In addition to the general risk factors for suicide, both teenagers and older adults are at a higher risk of suicide.

Suicide in teens

Teenage suicide is a serious and growing problem. The teenage years can be emotionally turbulent and stressful. Teenagers face pressures to succeed and fit in. They may struggle with self-esteem issues, self-doubt, and feelings of alienation. For some, this leads to suicide. Depression is also a major risk factor for teen suicide.

Other risk factors for teenage suicide include:

  • Childhood abuse
  • Recent traumatic event
  • Lack of a support network
  • Availability of a gun
  • Hostile social or school environment
  • Exposure to other teen suicides

Warning signs in teens

Additional warning signs that a teen may be considering suicide:

  • Change in eating and sleeping habits
  • Withdrawal from friends, family, and regular activities
  • Violent or rebellious behavior, running away
  • Drug and alcohol use
  • Unusual neglect of personal appearance
  • Persistent boredom, difficulty concentrating, or a decline in the quality of schoolwork
  • Frequent complaints about physical symptoms, often related to emotions, such as stomachaches, headaches, fatigue, etc.
  • Rejecting praise or rewards

Source: American Academy of Child & Adolescent Psychiatry

Suicide in the elderly

The highest suicide rates of any age group occur among persons aged 65 years and older. One contributing factor is depression in the elderly that is undiagnosed and untreated.

Other risk factors for suicide in the elderly include:

  • Recent death of a loved one, isolation and loneliness
  • Physical illness, disability, or pain
  • Major life changes, such as retirement or loss of independence
  • Loss of sense of purpose

Warning signs in older adults

Additional warning signs that an elderly person may be contemplating suicide:

  • Reading material about death and suicide
  • Disruption of sleep patterns
  • Increased alcohol or prescription drug use
  • Failure to take care of self or follow medical orders
  • Stockpiling medications or sudden interest in firearms
  • Social withdrawal, elaborate good-byes, rush to complete or revise a will

Source: University of Florida

Where to turn for help

Suicide crisis lines in the U.S.:

  • National Suicide Prevention Lifeline at 1-800-273-8255 or IMAlive at 1-800-784-2433.
  • Crisis Text Line: Text "SOS" to 741741
  • The Trevor Project offers suicide prevention services for LGBTQ youth at 1-866-488-7386.
  • SAMHSA’s National Helpline offers referrals for substance abuse and mental health treatment at 1-800-662-4357.

Suicide crisis lines worldwide:

  • In the UK and Ireland: Call Samaritans UK at 116 123.
  • In Australia: Call Lifeline Australia at 13 11 14.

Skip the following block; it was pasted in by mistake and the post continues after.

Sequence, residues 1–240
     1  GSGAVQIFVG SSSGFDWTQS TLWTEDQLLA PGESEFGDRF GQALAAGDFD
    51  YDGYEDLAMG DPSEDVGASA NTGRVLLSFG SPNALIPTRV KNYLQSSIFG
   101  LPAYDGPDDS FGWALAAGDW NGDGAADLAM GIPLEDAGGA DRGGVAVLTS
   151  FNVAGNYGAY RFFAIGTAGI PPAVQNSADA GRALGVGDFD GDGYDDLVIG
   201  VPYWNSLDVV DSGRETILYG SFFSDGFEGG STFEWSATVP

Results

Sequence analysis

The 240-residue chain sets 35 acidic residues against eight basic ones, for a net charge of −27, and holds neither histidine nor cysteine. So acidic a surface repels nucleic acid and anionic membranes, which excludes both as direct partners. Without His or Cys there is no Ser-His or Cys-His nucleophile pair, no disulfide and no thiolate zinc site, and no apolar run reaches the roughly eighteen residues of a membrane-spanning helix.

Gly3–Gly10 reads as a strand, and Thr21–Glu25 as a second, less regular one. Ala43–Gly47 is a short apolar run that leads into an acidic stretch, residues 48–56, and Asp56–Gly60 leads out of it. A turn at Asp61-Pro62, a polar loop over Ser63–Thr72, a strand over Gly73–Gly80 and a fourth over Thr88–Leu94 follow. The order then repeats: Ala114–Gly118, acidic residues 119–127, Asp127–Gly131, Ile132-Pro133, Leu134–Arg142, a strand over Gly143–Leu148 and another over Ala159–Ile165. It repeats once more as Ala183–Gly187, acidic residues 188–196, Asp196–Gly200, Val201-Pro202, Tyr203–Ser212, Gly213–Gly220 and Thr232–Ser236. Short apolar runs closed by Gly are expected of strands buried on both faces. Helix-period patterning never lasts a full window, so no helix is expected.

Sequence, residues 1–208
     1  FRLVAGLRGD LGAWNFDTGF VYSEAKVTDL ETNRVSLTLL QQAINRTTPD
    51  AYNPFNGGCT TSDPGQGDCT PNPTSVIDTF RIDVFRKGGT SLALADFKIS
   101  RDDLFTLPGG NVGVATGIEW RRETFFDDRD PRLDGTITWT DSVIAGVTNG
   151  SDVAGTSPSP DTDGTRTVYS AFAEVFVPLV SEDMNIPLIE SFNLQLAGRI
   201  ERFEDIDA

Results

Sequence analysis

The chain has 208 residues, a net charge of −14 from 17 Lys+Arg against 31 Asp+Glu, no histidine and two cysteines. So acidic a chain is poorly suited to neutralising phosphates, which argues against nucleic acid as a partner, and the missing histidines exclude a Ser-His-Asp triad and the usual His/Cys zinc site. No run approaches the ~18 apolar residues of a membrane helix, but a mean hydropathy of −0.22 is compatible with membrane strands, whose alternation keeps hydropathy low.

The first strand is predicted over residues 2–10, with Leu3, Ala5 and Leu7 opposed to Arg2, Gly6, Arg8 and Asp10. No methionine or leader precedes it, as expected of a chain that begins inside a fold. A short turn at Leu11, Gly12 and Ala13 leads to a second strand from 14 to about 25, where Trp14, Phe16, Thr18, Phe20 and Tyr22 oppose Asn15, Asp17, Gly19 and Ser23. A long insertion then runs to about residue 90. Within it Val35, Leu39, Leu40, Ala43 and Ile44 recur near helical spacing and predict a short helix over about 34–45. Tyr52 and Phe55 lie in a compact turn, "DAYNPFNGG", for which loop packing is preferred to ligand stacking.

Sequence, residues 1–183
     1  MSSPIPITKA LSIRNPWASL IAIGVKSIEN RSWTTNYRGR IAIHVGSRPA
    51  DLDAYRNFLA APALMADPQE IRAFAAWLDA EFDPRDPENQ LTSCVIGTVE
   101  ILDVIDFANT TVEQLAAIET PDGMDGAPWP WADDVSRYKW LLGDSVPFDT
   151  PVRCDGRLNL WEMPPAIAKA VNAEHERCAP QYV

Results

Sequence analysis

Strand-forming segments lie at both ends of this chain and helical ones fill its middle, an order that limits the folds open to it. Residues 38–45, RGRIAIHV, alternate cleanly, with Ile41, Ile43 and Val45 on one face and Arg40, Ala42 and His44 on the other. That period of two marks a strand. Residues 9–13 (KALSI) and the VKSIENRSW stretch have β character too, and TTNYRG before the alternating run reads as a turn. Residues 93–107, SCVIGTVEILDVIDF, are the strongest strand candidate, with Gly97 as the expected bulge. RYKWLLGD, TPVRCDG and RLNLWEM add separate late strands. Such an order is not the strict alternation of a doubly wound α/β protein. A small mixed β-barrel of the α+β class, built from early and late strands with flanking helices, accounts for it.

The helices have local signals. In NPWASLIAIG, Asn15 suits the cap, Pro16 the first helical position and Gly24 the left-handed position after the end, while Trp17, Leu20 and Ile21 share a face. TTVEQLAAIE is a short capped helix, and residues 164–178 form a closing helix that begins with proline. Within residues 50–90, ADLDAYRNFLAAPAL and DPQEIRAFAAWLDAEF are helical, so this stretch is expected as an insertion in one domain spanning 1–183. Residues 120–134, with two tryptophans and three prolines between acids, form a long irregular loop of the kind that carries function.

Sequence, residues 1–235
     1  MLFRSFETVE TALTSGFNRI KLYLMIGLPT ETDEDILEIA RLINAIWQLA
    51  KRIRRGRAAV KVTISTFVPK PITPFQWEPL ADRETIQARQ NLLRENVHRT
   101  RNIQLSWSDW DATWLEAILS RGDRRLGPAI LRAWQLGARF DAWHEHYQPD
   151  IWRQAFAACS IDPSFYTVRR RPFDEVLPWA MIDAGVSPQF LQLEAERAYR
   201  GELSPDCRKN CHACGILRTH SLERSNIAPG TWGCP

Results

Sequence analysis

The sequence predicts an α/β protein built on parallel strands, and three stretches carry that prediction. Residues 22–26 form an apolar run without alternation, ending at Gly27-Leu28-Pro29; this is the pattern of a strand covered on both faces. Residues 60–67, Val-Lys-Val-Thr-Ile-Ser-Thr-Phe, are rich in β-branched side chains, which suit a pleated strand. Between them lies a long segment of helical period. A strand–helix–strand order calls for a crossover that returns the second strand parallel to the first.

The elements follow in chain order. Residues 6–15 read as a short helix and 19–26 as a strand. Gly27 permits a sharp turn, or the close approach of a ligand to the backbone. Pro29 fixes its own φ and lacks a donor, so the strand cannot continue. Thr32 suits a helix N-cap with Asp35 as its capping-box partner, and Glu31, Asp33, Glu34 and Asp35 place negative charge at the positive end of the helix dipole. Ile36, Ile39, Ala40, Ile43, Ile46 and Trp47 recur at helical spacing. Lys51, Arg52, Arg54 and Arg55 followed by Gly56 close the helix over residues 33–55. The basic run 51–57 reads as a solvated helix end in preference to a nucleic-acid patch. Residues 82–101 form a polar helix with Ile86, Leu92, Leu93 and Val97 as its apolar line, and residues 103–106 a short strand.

• In Canada: Call Crisis Services Canada at 1-833-456-4566.
  • In other countries: Find a helpline near you at Befrienders Worldwide, IASP, or International Suicide Hotlines

Recommended reading

  • Understanding Suicidal Thinking (PDF) – Preventing suicide attempts and offering help. (Depression and Bipolar Support Alliance)
  • Suicide in America: Frequently Asked Questions – Who is at the highest risk and how to help. (National Institute of Mental Health)
  • Risk of Suicide and Preventing Suicide – What friends and family can do to prevent suicide. (The National Alliance on Mental Illness)
  • About Suicide – Warning signs, risk factors, and treatment. (American Foundation for Suicide Prevention)
  • What Can I Do to Help Someone Who May be Suicidal? (Metanoia.org)
  • Handling a Call from a Suicidal Person – Tips on what to say and how to help. (Metanoia.org)

Source: www.helpguide.org/articles/suicide-prevention/suicide-prevention.htm/

Suicide: What to do when someone is suicidal


When someone you know appears suicidal, you might not know what to do. Learn warning signs, what questions to ask and how to get help.

When someone says he or she is thinking about suicide, or says things that sound as if the person is considering suicide, it can be very upsetting. You may not be sure what to do to help, whether you should take talk of suicide seriously, or if your intervention might make the situation worse. Taking action is always the best choice. Here's what to do.

Start by asking questions

The first step is to find out whether the person is in danger of acting on suicidal feelings. Be sensitive, but ask direct questions, such as:

How are you coping with what's been happening in your life?

  • Do you ever feel like just giving up?
  • Are you thinking about dying?
  • Are you thinking about hurting yourself?
  • Are you thinking about suicide?
  • Have you ever thought about suicide before, or tried to harm yourself before?
  • Have you thought about how or when you'd do it?
  • Do you have access to weapons or things that can be used as weapons to harm yourself?

Asking about suicidal thoughts or feelings won't push someone into doing something self-destructive. In fact, offering an opportunity to talk about feelings may reduce the risk of acting on suicidal feelings.

Look for warning signs

You can't always tell when a loved one or friend is considering suicide. But here are some common signs: